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The Scary House 2021 Movie Review Poster Trailer Online
Director: Daniel Prochaska
Writers: Marcel Kawentel (screenplay), Timo Lombeck
Stars: Leon Orlandianyi, Marii Weichsler, Julia Koschitz
Teenagers, new friends, a small village, a mystery, neon titles, and synthesizers. Daniel Prochaska’s The Strange House has the eighties goodies that we’ve seen many times before and Netflix has been smart enough to milk after the success of Stranger Things. But the lack of creativity in its screenplay, adapted from Martina Wildner’s childrens book “Das Schaurige Haus,” doesn’t mean there isn’t fun to be had with this family-friendly coming-of-age ghost story set in an Austrian town.
The story follows Hendrik (Leon Orlandianyi), a teenager forced to leave his friends behind to move to a creepy house in a small town with his brother Eddi (Benno Rosskopf) and single mother Sabine (Julia Koschitz). Naturally, he’s quite disgruntled and finds only dullness in his surroundings. Not for long though because a possessed kid, a mysterious neighbor and eerie drawings in the wall signal that something very sinister is happening in his own home. Turns out a horrific murder took place there and Hendrik will have to solve the mystery behind it with the help of his new friends: the lovely nerd Fritz (Lars Bitterlich) and his crush Ida (Marii Weichsler).
From a generic local bully to a Super 8 projector, The Strange House is nostalgia bait that plays into the typical 80s coming-of-age tropes while being set in modern times. It isn’t bold, scary, or particularly creative. It lays out subplots that are never revisited and presents characters that are pretty much useless. There’s this local jerk called Chris who is introduced driving a giant tractor in the middle of the town; he’s mean to Hendrik, then disappears for the entire film only to resurface in the most cheesy and hilarious way possible.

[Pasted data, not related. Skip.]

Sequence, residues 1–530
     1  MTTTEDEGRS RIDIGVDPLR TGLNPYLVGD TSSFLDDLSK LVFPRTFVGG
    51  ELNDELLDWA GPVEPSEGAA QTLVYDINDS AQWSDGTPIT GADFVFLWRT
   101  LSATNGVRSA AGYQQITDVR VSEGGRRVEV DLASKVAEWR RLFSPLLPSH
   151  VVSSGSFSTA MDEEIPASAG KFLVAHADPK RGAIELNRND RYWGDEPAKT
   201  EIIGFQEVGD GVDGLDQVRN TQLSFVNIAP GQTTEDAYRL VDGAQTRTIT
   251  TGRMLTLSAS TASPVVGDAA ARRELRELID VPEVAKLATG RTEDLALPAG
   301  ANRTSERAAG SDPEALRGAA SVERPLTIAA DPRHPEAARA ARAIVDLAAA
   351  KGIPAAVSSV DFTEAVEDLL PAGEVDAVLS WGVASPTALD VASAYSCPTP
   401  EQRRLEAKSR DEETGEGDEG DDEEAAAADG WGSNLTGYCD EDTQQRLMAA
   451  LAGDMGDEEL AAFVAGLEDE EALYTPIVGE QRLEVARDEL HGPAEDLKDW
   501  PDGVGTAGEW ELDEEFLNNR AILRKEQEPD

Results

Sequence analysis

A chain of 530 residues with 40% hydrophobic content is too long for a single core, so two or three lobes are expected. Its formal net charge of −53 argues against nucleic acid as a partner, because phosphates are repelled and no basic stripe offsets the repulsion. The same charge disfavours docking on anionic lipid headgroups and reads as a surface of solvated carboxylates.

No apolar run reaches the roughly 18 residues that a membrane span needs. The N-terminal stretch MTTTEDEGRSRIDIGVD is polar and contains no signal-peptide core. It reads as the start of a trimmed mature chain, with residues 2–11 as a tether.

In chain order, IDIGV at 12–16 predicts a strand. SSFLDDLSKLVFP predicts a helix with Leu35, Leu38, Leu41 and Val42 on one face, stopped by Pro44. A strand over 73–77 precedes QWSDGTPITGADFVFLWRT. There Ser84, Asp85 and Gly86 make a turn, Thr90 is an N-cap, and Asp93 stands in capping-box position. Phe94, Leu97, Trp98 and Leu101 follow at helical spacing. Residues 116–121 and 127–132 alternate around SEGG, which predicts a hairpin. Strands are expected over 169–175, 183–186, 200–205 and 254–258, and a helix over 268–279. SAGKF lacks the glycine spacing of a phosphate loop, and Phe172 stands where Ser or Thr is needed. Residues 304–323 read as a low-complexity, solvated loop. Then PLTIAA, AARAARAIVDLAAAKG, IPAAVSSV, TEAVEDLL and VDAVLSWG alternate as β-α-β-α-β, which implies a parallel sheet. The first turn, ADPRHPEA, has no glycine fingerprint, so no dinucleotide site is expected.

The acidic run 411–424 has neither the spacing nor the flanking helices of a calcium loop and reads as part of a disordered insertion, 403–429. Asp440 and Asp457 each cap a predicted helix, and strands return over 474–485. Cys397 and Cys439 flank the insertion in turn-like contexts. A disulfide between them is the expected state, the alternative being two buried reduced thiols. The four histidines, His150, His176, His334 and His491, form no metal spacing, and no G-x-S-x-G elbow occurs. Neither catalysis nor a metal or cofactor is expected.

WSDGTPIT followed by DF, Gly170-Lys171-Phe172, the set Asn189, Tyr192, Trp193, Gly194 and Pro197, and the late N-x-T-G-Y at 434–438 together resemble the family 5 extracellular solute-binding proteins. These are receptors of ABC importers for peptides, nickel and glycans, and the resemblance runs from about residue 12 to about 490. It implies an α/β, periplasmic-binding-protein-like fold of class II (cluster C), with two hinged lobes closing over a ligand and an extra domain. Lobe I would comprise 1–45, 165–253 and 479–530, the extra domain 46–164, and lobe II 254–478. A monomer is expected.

Despite the weak plot, the film manages to stay fresh thanks to a lighthearted approach and endearing characters. The mystery’s resolution may be easy to figure out, but the journey to get there is worth the investment. The chemistry between the three leads creates a nice vibe of friendship that allows the story to flow freely. You won’t find comedic gold in their banter and might even find your eyes rolling a couple of times due to the cliched nature of some of the jokes, but the interactions are authentic and endearing. The love story between Ida and Hendrick won’t set screens on fire though.
Lars Bitterlich steals the show as Fritz, an adorable nerd who oozes confidence and always speaks his mind. The young actor plays the role with confidence and delivers the best lines; the film misses his charm whenever he’s not in a scene.
The Austrian setting is a big plus. Beautiful natural landscapes, classical architecture and a dance party filled with traditional dirndl and lederhosen costumes are elements that help The Strange House distinguish itself from similar movies, at least visually. The cinematography of Matthias Pötsch is very important in this regard; he uses some clever framing devices and overall makes the film a visually pleasant experience. The score is another highlight. Over the years, we’ve heard a lot of by-the-numbers synth scores for these types of films, but Karwan Marouf impresses with music that goes back in time while maintaining a modern vibe.
There are candlelit rituals, ghostly apparitions, and cheesy makeup, but Prochaska doesn’t get into gory territory nor does he try to use cheap jumpscares. The film remains family-friendly until the very end by using the delightful relationship between the three friends as its main anchor.
If you’re looking for a scary experience, you will have to look somewhere else because The Strange House works better as a charming coming-of-age than a mystery film. This is a fun ghost story that doesn’t innovate one bit but doesn’t overstay its welcome either. Solid entertainment for the family on a Sunday afternoon.